During William George Gooderham’s Presidency, the Company relocated its head office to its present location on Bloor Street East in Toronto. The original six-story office building officially opened in August 1925.

Mr. Gooderham introduced the President’s Trophy in 1923. Awarded to the branch deemed to have achieving the best all-round performance in agency development, the much sought after trophy was retired at the outbreak of the Second World War.

Despite his term of presidency spanning both the First World War and the early years of the Great Depression, the Company continued to flourish under William George Gooderham’s direction. From 1914 to 1935 the Company’s New Business increased from $12.5 million to $67 million, Business in Force from $82 million to $520 million and assets from $19.2 million to $134 million. 

Melville Ross GooderhamMelville Ross Gooderham (b.1877 - d.1951), son and brother of past Presidents George and William George, joined the Company in 1907 as a Director and Second Vice President. Resigning in 1916 to serve overseas with the Canadian Expeditionary Force, he rejoined the Company after the First World War. In 1935 M.R. Gooderham was named the fifth President of the Company.

A graduate of Osgoode Hall and called to the Bar of Ontario in 1900, M.R. Gooderham was a member of the law firms Beatty, Blackstock, Fasken, Nesbitt & Riddell; Beatty Blackstock; Galt, Gooderham & Towers, Galt, Gooderham & Company and Gooderham, Martin & Company. Mr. Gooderham also held Directorships in the Canada Permanent Trust Company and Consumers’ Gas Company of Toronto.

As President of the Company for the duration of the Great Depression and throughout the Second World War, Melville Ross Gooderham guided the Company during a turbulent economic period. Despite the forced withdrawal from some of the Company's foreign operations as a result of the war, the Company continued to function effectively, and sold its 1 millionth policy in 1947. Between 1935 and 1951 the Company’s New Business increased from $67 million to $198, Business in Force from $520 million to $1.4 billion and assets from $134 million to $450 million.

At the time of his death, Melville Ross held slightly more than 45 per cent of the Company’s stock. The possibility of this stock leaving Canada was one of the contributing factors leading to the mutualization of the Company.

Career
1907 Director and Second Vice President
1911 First Vice President
1915 Managing Director
1929 Vice President
1931 Vice President and General Counsel
1935 President

James Hector LithgowJames Hector Lithgow (b.1890 - d.1966) joined the Company as a Clerk in the Actuarial Department in 1908, shortly before playing centre for the Manufacturers Life hockey team during its championship 1909-1910 Toronto Financial Hockey League season. Leaving to serve as a gunner in the Canadian Field Artillery during the First World War, Mr. Lithgow returned to the Company in 1919. He held several positions in the Company rapidly rising through the Executive ranks before being named President in 1951. Elected to the newly created position of Chairman of the Board in 1956, Mr. Lithgow stepped down as President and remained with the Company as Chairman until his retirement in 1959.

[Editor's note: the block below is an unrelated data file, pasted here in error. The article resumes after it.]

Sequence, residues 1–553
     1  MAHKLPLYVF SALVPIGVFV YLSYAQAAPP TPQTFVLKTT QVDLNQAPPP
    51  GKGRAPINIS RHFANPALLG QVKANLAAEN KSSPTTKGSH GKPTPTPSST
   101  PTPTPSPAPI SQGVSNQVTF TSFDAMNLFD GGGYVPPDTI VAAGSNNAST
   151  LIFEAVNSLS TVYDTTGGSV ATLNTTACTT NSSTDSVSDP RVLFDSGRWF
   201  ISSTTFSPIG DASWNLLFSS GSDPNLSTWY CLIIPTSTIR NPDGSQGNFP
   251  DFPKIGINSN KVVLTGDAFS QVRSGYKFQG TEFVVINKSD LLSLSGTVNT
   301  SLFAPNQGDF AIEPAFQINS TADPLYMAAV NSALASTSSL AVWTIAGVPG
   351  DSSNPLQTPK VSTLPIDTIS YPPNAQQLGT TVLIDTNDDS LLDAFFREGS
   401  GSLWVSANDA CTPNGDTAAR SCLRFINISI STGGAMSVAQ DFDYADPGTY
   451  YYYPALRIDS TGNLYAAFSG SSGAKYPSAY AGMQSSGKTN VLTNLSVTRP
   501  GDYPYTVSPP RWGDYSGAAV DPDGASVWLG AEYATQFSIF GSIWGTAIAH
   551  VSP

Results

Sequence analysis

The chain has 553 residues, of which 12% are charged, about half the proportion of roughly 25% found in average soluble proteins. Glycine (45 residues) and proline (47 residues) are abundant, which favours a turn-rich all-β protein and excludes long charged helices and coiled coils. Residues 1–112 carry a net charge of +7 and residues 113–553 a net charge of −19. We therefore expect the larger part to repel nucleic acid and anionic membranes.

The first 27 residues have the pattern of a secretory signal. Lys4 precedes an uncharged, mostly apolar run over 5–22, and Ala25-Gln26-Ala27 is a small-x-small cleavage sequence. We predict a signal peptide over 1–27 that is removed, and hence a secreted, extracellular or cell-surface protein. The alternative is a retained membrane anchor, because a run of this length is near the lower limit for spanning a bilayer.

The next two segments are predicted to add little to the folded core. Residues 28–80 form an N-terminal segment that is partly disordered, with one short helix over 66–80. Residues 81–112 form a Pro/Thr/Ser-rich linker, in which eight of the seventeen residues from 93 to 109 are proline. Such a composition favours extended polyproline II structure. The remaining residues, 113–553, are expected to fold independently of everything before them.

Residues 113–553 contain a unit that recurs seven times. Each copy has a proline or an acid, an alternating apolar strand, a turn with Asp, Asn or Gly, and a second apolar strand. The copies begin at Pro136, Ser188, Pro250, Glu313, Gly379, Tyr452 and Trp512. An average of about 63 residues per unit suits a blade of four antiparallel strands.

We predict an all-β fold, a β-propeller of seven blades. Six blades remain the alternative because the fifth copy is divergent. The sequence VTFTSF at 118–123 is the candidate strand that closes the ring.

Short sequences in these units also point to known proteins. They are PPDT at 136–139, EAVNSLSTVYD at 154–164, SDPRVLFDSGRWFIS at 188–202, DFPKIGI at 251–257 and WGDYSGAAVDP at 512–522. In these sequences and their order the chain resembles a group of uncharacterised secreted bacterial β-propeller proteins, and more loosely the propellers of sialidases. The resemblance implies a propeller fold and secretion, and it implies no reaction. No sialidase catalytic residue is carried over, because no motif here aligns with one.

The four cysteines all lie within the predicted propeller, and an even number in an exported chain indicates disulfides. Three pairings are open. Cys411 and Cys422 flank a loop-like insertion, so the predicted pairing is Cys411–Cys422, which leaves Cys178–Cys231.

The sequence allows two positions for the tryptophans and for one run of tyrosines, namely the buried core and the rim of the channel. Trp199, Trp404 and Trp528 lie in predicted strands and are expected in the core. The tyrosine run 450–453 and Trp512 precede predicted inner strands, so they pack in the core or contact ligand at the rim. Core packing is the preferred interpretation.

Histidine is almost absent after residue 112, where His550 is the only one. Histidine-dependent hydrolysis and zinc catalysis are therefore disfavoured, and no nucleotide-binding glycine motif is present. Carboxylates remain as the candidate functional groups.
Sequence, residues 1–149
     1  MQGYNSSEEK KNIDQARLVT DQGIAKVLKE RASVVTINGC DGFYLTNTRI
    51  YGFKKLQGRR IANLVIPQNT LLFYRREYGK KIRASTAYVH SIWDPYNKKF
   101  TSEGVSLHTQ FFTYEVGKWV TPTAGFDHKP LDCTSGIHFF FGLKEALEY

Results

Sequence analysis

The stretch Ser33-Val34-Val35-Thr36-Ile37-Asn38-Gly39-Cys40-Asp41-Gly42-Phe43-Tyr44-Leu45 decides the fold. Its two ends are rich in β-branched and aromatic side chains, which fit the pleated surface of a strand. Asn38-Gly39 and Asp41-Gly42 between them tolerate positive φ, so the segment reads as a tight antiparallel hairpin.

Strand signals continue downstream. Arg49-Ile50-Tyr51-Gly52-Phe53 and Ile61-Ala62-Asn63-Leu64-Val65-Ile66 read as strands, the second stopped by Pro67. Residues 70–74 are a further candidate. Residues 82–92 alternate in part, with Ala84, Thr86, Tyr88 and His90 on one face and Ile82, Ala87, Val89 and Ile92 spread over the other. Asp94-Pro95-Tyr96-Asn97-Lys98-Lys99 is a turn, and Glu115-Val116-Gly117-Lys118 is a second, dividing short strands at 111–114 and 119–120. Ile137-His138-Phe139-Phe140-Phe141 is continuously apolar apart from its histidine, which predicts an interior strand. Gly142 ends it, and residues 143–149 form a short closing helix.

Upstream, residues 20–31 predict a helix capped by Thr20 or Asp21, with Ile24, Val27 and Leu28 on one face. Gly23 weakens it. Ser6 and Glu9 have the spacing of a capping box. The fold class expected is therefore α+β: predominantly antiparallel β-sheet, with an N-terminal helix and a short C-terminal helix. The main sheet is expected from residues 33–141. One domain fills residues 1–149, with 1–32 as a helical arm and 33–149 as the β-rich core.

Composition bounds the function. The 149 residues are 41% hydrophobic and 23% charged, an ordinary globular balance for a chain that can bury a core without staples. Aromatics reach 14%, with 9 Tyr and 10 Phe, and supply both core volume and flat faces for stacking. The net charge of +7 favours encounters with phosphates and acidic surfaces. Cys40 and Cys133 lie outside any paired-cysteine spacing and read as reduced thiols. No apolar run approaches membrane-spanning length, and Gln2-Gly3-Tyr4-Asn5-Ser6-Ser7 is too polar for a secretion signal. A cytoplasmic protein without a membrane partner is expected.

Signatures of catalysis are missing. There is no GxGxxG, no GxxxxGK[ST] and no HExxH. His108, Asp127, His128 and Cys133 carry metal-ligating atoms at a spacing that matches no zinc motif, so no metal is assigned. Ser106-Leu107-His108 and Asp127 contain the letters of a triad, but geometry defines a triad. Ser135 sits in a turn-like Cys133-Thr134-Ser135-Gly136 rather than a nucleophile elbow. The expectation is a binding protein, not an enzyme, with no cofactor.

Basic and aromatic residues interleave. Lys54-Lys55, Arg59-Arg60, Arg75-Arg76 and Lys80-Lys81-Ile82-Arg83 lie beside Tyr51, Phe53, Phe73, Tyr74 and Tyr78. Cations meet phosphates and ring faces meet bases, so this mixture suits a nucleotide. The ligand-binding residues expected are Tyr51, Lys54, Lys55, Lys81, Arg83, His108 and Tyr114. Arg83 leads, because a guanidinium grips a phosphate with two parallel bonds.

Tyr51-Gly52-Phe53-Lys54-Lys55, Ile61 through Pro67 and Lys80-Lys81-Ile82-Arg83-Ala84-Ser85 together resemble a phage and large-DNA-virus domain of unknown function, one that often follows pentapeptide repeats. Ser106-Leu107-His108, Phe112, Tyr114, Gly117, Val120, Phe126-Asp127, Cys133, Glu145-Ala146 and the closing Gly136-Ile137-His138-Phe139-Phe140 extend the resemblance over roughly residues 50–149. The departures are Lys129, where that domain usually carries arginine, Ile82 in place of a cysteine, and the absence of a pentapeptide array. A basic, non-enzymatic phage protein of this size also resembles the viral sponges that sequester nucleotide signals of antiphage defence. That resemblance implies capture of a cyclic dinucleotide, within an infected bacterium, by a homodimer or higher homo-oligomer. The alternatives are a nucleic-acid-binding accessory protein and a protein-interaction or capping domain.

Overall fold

J.H. Lithgow triggered the proceedings leading to the mutualization of the Company in the 1950s by initiating conversations with the trustees of the Melville Ross Gooderham Estate. Also during his presidency, with head office staff numbering 650, plans were drawn up for an 11-storey addition to the head office building on Bloor Street. The addition, now known as South Tower, was completed in 1953.

Between 1951 and 1956 the Company’s New Business increased from $198 million to $346 million, Business in Force from $1.4 billion to $2.3 billion and assets from $450 million to $716 million.

Career
1908 Clerk, Actuarial Department
1919 Assistant Actuary
1924 Actuary
1930 Assistant General Manager and Actuary
1931 General Manager and Actuary
1936 General Manager and Board of Director
1944 Vice President and General Manager
1951 President
1956 Chairman of the Board

George Llewelyn HolmesGeorge Llewelyn Holmes (b.1898 - d.2000) joined the Company in 1919, working in the Actuarial Department for former President James H. Lithgow. Elected to the Board of Directors in 1954, Mr. Holmes became President of the Company in 1956. He relinquished the presidency upon reaching the mandatory retirement age of 65 in 1964 and was elected Chairman of the Board. In 1972 he stepped down as Chairman of the Board, but continued to serve as a Director until 1975.